Last Sunday, former US ambassador to the UN John Bolton discussed last summer's war in Lebanon during an interview with the BBC. Bolton said that during the first weeks of the war the US rejected holding ceasefire negotiations because it wished to give Israel the time it needed to defeat Hizbullah. According to Bolton, the Bush administration only agreed to commence ceasefire discussions after it became clear that Israel was not winning.

In supporting an Israeli victory, the Americans apparently didn't count the Livni-led diplomatic charge to defeat. By her own admission, Livni was pushing to begin ceasefire negotiations on the second day of the war. Although, (or perhaps because), a ground campaign was the only way that Israel could possibly have defeated Hizbullah, Livni consistently opposed conducting one. Instead she recommended deploying an international peacekeeping force at the border to separate Israel from an undefeated Hizbullah.

Livni's ceasefire discussions with Rice from the earliest stages of the war, coupled with her consistent rejection of the option of military victory were used by State Department officials to justify their opposition to President George W. Bush's view that Israel should be given as much time and maneuvering room as possible to defeat Hizbullah in battle.

Since August, Livni has exulted in UN Security Council Resolution 1701 which set the ceasefire terms. But far from the stellar achievement Livni claims it to be, Resolution 1701 marked an unprecedented military and diplomatic defeat for Israel.

As Livni mindlessly wished, the resolution places an international force on Israel's border. But rather than fight Hizbullah, UNIFIL forces act principally to prevent the IDF from blocking Hizbullah's rearmament and reassertion of its control over south Lebanon. Indeed under the cover of 1701 Hizbullah has in fact rearmed and reasserted its control over the south.

Diplomatically, the resolution treats Israel and Hizbullah as equals; makes no mention of Syria and Iran — without which Hizbullah would be little more than a vigilante gang of religious fanatics; and does not require the release of IDF hostages Eldad Regev and Ehud Goldwasser.

Although Livni played a central role in ensuring Israel's defeat last summer, the media have given her a free pass. For the overwhelmingly leftist media, given the irrevocability of Olmert's political demise, Livni represents the last hope to maintain the Left's control over Israeli policymaking.

Livni's strategically calamitous embrace of defeat during the war in Lebanon is matched by her strategically calamitous embrace of PA chairman Mahmoud Abbas today. Since accepting Fatah's junior status in the Hamas government, Abbas has been reduced to nothing more than a Hamas toady. So by upholding Abbas as a credible partner, Livni has effectively provided Israeli cover to the terrorist unity government.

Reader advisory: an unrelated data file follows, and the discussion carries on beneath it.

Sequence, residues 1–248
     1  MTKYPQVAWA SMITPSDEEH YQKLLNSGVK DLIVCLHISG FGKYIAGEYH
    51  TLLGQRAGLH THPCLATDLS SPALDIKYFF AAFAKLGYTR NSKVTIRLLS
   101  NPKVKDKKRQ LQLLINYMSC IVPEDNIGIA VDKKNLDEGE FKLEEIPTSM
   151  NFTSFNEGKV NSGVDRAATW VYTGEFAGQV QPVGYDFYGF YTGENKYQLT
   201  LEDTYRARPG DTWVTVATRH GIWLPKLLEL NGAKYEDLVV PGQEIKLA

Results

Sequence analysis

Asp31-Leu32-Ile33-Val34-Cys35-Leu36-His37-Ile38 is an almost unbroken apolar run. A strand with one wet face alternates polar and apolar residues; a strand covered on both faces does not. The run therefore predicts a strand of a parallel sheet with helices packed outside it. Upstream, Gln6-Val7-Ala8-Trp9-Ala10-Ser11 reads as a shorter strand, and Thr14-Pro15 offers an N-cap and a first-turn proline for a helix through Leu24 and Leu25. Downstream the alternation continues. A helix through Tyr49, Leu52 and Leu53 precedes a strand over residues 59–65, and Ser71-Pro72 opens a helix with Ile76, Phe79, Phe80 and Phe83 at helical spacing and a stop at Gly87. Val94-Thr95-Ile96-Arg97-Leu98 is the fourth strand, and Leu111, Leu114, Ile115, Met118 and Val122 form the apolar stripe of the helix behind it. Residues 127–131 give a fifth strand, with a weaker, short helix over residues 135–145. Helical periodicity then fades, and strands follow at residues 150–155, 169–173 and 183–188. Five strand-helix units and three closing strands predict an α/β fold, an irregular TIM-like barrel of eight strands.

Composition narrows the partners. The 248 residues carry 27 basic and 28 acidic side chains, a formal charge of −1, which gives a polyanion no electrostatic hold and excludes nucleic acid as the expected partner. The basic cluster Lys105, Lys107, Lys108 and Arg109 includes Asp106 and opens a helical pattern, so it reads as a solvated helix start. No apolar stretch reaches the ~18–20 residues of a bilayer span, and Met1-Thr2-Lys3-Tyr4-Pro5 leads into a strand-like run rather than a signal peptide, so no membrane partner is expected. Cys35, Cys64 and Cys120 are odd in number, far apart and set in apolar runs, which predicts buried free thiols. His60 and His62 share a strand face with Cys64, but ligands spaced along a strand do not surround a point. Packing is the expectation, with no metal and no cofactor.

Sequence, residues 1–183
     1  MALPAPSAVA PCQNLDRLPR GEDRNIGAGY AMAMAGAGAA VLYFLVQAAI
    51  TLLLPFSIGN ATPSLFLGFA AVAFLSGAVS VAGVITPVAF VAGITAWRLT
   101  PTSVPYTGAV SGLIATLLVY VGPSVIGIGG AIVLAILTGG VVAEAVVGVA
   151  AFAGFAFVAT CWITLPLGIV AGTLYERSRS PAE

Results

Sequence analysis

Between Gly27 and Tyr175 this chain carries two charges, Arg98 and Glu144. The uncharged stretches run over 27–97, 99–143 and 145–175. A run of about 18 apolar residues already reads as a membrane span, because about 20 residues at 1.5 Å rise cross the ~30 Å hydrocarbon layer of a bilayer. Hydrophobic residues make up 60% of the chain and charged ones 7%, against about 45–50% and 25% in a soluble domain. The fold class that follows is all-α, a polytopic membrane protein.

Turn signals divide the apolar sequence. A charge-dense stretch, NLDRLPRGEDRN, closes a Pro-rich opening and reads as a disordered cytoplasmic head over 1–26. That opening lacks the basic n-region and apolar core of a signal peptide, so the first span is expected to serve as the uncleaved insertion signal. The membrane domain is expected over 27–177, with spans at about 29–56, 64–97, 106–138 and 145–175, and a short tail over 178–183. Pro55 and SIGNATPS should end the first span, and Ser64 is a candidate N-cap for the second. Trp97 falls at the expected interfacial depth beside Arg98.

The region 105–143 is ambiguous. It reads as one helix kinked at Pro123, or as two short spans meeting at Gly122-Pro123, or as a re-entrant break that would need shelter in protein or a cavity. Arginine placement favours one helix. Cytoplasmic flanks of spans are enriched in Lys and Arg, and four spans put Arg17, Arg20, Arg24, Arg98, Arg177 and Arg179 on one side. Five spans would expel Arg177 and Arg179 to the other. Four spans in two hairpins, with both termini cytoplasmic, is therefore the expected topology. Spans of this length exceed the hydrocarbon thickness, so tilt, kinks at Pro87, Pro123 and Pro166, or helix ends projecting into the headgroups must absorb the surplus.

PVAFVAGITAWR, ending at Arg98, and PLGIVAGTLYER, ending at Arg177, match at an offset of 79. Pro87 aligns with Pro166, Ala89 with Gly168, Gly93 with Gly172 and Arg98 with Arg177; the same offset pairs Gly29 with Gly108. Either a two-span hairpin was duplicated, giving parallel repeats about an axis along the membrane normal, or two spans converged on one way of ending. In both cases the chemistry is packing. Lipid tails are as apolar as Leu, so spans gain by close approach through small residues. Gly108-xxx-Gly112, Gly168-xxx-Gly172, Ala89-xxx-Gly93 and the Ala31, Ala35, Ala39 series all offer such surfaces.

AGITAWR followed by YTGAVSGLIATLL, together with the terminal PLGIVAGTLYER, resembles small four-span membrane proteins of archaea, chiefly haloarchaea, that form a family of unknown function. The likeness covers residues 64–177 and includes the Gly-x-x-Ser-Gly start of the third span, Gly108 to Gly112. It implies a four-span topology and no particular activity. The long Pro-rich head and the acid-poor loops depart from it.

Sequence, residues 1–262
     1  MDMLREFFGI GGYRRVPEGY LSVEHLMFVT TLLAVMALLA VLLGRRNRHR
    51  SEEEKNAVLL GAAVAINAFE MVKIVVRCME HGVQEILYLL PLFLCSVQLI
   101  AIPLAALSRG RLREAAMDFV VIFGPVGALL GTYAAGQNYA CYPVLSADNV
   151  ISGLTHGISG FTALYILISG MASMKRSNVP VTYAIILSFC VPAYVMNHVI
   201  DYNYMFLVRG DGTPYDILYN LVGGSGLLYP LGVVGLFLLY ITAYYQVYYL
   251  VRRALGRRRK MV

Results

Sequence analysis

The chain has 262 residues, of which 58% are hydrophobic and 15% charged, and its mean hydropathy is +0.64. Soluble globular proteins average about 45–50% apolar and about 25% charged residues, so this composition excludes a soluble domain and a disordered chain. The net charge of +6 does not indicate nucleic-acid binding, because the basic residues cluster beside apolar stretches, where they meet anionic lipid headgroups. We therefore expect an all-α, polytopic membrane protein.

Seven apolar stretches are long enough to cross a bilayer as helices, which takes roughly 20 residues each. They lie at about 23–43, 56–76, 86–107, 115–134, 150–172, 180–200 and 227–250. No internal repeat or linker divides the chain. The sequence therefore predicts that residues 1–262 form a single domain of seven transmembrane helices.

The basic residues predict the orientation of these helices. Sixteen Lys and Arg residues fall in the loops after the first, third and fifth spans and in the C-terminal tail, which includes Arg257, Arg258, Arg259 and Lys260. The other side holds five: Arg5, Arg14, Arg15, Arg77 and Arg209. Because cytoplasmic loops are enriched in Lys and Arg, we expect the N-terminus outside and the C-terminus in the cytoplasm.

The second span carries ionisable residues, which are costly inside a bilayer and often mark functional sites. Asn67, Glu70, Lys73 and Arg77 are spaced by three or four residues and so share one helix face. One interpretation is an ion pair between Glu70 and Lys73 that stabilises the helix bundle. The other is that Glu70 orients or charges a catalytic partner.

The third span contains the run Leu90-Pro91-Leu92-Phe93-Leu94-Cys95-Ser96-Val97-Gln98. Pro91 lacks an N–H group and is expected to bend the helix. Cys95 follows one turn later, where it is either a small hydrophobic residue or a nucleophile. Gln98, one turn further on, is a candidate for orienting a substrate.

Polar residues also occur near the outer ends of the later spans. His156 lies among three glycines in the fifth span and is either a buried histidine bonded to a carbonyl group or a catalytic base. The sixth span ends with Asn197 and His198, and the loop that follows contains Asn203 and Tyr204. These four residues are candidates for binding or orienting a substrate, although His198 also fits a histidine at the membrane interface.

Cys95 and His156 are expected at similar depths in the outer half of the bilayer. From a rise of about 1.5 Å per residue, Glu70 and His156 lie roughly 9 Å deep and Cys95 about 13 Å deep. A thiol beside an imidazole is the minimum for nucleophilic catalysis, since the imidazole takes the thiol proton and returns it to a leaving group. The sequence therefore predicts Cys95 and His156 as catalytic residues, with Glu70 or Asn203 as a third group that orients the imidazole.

While most Israelis consistently voice their opposition to dealing with the Hamas-Fatah government, Livni has encouraged the US to pressure Israel to negotiate the surrender of Judea, Samaria and Jerusalem with Abbas. Most recently, Livni's diplomatic wrangling paved the way for the US's embrace of the so-called Arab initiative. That anti-Israel initiative states that the Arabs will conduct "normal" relations with Israel right after Israel commits national suicide by surrendering Judea, Samaria and Jerusalem to the Palestinians, the Golan Heights to Syria, and permitting millions of foreign Arabs to immigrate to its shrunken territory.

While Livni opposes the Arab demand that the so-called Palestinian refugees be permitted to settle in Israel, she openly supports their unlimited immigration to the Palestinian state in Jerusalem, Gaza, Samaria and Judea. Livni's position -- as usual -- ignores the reality on the ground. Since there is no natural geographical distinction between a future terrorist state of Palestine and a future defenseless Israel, if millions of Arabs come to Palestine, they will also come to Israel.

Pubic support for Livni is based less on her policies, of which the public is largely unaware and overwhelmingly opposes, than on the fact that she is not currently the subject of any criminal probes. Due to her apparent non-involvement in criminal activities, in contrast to her colleagues in Kadima, Livni is perceived as honest and uncorrupt.

But corruption takes many forms.

Livni has repeatedly sold out Israeli's national interests for personal gain. Earlier in the year, Livni lied to the public in order to transfer $100 million in tax revenues to the Hamas-Fatah terror government. As justice minister she prostituted the rule of law to advance the expulsions. Last summer she surrendered the security of northern Israel to the good graces of Iran, Syria and Hizbullah in order to sign on to a humiliating ceasefire. And now she advocates a policy towards the Palestinians that would imperil Israel's viability as a Jewish state.

In short, Livni sold out Zionism for a job promotion.

This week's return to Homesh was another important forward in the nation's abandonment of the path of defeatism and surrender. But for defeatism to be replaced with a reassertion of Zionist ideals, Livni who owes her career to her sacrifice of those ideals must also be cast aside.


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JWR contributor Caroline B. Glick is the senior Middle East Fellow at the Center for Security Policy in Washington, DC and the deputy managing editor of The Jerusalem Post. Comment by clicking here.

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© 2007, Caroline B. Glick